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A separate armistice with Hungary was signed November 13, 1918.
No. 8, DECEMBER, 1918
Decision of Supreme Judicial Court of Massachusetts
as to Mr. Ginn's Legacy to World Peace Foundation
BY SAMUEL J. ELDER
It would be worse than useless to attempt by way of analysis or exposition to add to the words of Chief Justice Rugg of the Supreme Judicial Court of Massachusetts in rendering the opinion of the Court concerning the purposes of the World Peace Foundation. It is a cause of profound satisfaction that a great Court in a Christian Commonwealth has so clearly shown how fully our Constitution and the policy of our laws, instead of hampering, promote and safeguard the highest moral aims.
The case was that of Parkhurst et al., Executors, v. Treasurer and Receiver General. A tax was imposed and paid upon the legacy given by Mr. Ginn for the benefit of the Foundation, based upon the contention that it was not in law a charity and was therefore not exempt from taxation.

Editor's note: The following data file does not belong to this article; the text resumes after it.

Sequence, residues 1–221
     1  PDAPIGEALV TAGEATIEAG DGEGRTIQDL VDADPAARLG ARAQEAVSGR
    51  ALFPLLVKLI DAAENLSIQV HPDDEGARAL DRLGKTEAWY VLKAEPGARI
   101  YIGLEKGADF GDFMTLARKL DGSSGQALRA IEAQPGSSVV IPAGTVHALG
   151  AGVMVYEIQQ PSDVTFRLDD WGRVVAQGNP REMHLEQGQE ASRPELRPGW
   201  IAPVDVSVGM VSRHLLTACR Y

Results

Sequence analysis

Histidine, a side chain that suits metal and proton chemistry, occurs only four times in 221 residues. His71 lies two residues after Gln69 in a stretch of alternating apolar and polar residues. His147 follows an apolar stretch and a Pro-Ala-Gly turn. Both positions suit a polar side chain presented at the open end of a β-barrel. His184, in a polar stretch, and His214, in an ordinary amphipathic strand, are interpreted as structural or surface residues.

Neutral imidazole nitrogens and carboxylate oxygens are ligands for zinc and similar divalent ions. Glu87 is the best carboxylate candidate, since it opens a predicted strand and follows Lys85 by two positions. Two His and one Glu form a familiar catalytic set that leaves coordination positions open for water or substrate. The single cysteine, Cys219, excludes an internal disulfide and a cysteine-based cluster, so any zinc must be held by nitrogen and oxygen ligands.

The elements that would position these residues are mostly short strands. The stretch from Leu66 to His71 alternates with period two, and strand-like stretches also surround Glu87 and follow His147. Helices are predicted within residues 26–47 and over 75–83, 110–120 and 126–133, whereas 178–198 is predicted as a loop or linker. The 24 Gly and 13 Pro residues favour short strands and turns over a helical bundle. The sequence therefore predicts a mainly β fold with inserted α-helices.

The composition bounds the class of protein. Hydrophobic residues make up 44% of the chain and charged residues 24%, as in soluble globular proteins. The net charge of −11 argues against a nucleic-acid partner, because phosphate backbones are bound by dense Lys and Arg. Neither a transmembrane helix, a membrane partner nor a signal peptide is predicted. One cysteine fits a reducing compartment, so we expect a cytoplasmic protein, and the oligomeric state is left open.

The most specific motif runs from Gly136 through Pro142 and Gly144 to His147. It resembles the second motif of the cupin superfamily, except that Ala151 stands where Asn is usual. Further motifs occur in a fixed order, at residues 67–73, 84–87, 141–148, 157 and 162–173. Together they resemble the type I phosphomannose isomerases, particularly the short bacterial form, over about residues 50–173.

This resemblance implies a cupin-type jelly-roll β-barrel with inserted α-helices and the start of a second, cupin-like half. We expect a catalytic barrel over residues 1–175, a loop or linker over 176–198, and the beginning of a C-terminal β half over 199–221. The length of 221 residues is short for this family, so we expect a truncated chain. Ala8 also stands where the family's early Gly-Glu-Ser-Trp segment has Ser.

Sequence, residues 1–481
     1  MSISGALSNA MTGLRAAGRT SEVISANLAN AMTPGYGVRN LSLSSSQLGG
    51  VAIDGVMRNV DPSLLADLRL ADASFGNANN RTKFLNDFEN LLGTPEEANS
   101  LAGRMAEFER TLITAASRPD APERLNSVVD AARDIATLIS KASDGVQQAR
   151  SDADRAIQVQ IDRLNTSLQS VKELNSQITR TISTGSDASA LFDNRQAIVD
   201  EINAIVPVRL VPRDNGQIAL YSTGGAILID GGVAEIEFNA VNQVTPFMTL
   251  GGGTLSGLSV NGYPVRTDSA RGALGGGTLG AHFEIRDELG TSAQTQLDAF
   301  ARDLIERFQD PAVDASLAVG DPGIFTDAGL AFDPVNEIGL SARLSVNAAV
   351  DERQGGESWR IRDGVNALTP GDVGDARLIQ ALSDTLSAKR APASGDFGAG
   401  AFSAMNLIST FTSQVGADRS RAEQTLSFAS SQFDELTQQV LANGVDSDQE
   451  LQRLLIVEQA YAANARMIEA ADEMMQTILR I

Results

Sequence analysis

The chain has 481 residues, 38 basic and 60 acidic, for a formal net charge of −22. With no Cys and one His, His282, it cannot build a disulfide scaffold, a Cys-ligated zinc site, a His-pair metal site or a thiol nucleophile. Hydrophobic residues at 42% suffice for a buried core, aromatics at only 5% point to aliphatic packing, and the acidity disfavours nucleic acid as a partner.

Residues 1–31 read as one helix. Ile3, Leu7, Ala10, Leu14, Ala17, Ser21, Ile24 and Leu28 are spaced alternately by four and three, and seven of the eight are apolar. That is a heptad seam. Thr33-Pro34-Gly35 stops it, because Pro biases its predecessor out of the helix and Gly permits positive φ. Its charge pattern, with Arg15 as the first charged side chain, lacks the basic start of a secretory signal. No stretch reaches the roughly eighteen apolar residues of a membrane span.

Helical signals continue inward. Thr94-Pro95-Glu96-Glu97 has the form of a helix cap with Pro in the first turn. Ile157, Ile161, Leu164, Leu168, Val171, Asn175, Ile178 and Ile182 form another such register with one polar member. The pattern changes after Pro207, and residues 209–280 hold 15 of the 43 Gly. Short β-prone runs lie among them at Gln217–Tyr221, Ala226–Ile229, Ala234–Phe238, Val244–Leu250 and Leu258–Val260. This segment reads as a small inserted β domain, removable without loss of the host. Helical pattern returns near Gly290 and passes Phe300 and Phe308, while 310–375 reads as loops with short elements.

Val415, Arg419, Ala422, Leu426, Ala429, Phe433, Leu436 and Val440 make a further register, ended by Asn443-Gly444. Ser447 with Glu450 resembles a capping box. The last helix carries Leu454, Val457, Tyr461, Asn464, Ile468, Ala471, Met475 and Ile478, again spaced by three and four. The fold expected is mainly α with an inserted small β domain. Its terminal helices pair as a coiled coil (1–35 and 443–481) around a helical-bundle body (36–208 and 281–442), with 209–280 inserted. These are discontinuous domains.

The language of the Chief Justice in determining "that the excise has been illegally exacted” and was to be repaid is in part as follows:
"Mr. Ginn by his will devoted a large annual payment for the benefit of the World Peace Foundation, a corporation organized under the laws of this commonwealth. Its corporate purpose is declared in these words: “The corporation is constituted for the purpose of educating the people of all nations to a full knowledge of the waste and destructiveness of war and of preparation for war, its evil effects on present social conditions and on the well-being of future generations, and to promote international justice and the brotherhood of man; and generally by every practical means to promote peace and good will among all mankind.'
“The declaration of corporate purpose expresses one of the highest moral aspirations of the race. It adopts almost the very words of the angel song on the night of the Nativity. It reveals nothing on a